Politics Foreign Affairs Culture Fellows Program

TAC Bookshelf: Impossible Germany

A Small Town in Germany feels truer today than it ought.
John le Carré

Jude Russo, managing editor: A new political movement in Germany threatens to sweep the establishment parties from power. It criticizes Europeanism and liberal cultural imperialism; it seeks detente with the Russian East and a revival of working-class German fortunes. Its supporters are a mix of farmers, workers, students, veterans, and old and sometimes unsavory characters from the nationalist underground. The Atlanticist powers and sclerotic postwar German establishment are paralyzed—hostile, but hesitant to take decisive (albeit unconstitutional) measures against the movement.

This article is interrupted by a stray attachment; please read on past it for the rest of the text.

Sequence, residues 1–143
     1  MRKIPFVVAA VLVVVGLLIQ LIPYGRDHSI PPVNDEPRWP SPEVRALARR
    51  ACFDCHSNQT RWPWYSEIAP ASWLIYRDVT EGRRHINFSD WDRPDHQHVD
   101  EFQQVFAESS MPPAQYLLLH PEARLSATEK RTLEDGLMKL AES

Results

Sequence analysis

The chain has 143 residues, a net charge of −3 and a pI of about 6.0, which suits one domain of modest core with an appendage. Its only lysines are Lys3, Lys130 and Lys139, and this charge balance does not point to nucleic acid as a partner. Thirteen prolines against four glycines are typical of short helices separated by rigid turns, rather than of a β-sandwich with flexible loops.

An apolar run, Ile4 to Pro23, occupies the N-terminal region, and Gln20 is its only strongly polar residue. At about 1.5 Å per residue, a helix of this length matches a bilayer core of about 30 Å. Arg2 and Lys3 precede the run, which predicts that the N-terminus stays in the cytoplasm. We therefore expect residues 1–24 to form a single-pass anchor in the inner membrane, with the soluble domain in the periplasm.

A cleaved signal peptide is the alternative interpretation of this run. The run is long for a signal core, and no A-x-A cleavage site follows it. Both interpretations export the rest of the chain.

It’s not Alternative für Deutschland in 2024; it’s the fictional Karfeld movement in John le Carré’s 1968 espionage thriller, A Small Town in Germany. Set in the gray years of British embarrassment as the UK negotiates for membership in the then-embryonic EU, le Carré’s hard-eyed pan of West German disgruntlement and Anglo-American hypocrisy feels truer today than it has any right to do: The plot, like most of le Carré’s greatest novels, is premised on the particulars of paper data management systems—a world of technique and protocol entirely swept away by the digital revolution. Card catalogs may be gone with the last century, but Central Europe’s resentments are eternal.